Even though the body was almost totally cremated, requiring very high temperatures, the room in which it occurred showed little evidence of the fire.


Reichert included a note saying: "We request any information or theories that could explain how a human body could be so destroyed and the fire confined to such a small area and so little damage done to the structure of the building and the furniture in the room not even scorched or damaged by smoke."


The FBI eventually declared that Reeser had been incinerated by the wick effect. As she was a known user of sleeping pills, they hypothesized that she had fallen unconscious while smoking and set fire to her nightclothes. "Once the body starts to burn," the FBI wrote in its report, "there is enough fat and other inflammable substances to permit varying amounts of destruction to take place. Sometimes this destruction by burning will proceed to a degree which results in almost complete combustion of the body."


At the request of the Chief of Police, St. Petersburg, Florida, the scene was also investigated by physical anthropologist Wilton M Krogman. Professor Krogman, of the University of Pennsylvania's School of Medicine, had spent some time in the 1930s experimenting and examining the remains of such incidents, in order to aid in the detection of crimes.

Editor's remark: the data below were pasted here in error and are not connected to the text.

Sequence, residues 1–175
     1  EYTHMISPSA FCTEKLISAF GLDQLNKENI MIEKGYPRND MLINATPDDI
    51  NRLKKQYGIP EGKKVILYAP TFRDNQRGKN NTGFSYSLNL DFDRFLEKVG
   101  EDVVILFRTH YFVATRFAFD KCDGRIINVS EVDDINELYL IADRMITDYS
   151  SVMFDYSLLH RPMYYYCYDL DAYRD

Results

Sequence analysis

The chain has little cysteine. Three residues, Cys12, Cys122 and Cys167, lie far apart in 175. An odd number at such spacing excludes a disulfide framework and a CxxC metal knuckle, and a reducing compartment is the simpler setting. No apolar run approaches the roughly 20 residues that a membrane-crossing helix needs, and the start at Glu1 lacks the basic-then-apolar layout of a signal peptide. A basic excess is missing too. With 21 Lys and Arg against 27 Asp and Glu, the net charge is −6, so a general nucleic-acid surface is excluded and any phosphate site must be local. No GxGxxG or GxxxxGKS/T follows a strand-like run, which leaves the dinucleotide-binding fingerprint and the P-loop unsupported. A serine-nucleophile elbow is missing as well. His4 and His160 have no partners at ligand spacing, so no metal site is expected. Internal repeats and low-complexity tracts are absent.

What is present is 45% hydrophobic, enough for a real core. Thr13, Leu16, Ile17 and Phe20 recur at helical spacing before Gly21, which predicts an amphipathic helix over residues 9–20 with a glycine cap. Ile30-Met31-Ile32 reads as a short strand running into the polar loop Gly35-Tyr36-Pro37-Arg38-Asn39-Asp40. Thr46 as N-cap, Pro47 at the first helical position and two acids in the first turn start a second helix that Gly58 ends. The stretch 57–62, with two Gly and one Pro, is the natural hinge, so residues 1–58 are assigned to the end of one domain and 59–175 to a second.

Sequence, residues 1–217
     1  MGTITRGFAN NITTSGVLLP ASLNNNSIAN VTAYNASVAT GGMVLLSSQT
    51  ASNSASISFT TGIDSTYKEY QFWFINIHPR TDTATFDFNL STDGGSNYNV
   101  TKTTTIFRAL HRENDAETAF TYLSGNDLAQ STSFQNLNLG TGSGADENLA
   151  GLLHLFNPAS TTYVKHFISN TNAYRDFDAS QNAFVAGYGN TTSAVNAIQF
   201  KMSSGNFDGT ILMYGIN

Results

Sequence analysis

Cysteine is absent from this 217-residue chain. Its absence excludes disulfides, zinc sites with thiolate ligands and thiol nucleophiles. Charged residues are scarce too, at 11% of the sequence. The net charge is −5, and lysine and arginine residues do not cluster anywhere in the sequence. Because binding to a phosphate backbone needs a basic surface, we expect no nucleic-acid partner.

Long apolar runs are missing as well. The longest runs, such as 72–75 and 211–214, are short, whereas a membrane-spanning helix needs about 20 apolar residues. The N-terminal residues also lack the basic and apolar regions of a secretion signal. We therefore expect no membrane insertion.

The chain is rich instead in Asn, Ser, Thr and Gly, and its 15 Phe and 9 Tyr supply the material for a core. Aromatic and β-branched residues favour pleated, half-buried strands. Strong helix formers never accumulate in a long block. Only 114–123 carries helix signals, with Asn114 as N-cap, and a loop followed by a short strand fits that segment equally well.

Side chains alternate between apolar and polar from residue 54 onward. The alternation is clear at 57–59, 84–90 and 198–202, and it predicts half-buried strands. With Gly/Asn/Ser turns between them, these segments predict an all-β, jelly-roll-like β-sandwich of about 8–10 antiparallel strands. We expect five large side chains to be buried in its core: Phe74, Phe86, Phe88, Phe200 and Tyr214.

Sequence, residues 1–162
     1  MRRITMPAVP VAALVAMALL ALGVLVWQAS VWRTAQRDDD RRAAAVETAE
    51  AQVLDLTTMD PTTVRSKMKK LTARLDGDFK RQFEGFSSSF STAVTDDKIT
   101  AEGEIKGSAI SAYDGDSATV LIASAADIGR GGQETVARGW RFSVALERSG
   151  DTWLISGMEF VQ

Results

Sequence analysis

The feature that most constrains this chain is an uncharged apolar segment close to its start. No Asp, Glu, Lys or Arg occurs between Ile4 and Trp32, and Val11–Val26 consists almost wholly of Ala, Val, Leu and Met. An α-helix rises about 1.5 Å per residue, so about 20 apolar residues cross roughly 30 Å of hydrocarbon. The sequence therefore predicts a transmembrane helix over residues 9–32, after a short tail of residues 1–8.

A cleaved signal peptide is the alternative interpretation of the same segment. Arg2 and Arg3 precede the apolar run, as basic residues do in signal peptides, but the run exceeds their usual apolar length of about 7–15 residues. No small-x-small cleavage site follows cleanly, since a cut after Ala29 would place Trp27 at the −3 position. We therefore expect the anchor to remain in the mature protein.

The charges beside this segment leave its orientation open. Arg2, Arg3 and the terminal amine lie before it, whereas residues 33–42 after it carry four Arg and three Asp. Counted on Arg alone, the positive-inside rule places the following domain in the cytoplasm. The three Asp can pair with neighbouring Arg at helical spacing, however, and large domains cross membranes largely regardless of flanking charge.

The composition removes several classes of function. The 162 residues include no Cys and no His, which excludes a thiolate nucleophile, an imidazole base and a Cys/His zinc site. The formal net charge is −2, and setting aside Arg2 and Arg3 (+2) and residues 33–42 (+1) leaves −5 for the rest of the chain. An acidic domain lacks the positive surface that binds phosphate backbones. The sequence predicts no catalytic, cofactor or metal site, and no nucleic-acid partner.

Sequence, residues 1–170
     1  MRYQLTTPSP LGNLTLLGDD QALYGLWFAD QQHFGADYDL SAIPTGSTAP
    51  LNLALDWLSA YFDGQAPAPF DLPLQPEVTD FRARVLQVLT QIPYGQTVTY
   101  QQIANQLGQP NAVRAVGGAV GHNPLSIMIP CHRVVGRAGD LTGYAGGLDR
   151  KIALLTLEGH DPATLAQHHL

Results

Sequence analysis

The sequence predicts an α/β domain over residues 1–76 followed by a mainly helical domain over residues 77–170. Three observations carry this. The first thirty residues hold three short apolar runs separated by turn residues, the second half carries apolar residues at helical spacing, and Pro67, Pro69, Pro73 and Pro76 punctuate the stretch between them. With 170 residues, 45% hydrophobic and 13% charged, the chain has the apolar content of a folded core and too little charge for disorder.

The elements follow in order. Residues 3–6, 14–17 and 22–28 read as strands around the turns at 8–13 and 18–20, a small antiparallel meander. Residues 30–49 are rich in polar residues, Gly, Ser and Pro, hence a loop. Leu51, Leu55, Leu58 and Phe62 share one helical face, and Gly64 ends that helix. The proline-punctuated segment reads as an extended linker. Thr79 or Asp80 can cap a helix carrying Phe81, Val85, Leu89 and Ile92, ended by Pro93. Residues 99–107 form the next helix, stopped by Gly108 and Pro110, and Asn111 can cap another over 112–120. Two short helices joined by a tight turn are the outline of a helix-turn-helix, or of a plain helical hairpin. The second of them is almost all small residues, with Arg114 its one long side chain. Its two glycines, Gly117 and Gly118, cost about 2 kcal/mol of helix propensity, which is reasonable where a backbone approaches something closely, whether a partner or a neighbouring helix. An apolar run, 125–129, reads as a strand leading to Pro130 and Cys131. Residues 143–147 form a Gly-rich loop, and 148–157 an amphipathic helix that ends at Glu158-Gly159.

Krogman was frequently consulted by the FBI for this reason but after examining the scene and reading the FBI's report, he strongly disputed the FBI's conclusions concerning Reeser. However, the full circumstances of the death—and Krogman's objections to the FBI's version of events—would not become known publicly for a decade.




In a 1961 article for The General Magazine and History Chronicle of the University of Pennsylvania, Krogman wrote extensively about the Reeser case. His remarks included: